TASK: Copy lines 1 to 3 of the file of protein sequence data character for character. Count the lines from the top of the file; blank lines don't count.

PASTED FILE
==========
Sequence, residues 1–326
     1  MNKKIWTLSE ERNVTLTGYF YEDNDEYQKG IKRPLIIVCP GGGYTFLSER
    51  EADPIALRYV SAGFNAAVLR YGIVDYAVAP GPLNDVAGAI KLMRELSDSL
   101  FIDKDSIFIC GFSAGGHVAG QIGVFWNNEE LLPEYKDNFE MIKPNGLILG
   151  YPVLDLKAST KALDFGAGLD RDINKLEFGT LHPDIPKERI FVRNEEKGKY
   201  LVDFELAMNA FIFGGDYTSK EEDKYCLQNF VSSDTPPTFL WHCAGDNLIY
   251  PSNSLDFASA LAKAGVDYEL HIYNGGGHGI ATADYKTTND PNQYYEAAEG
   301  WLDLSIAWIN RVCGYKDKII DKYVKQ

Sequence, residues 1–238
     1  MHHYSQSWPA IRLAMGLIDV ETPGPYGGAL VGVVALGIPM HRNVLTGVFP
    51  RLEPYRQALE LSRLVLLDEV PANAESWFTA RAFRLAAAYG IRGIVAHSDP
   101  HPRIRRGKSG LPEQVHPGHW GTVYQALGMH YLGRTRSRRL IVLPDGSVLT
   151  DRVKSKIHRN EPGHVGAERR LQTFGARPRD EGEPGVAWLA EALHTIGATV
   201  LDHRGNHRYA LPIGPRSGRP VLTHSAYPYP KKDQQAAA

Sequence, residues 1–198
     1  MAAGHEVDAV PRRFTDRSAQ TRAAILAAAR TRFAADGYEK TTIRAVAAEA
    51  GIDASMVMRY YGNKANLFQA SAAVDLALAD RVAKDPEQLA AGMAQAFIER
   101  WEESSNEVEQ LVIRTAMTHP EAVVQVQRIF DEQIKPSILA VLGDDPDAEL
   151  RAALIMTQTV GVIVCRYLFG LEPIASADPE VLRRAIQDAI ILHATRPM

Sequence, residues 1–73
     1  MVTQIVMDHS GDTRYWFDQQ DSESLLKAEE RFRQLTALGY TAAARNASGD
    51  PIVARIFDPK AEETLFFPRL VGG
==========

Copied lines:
Sequence, residues 1–326
     1  MNKKIWTLSE ERNVTLTGYF YEDNDEYQKG IKRPLIIVCP GGGYTFLSER
    51  EADPIALRYV SAGFNAAVLR YGIVDYAVAP GPLNDVAGAI KLMRELSDSL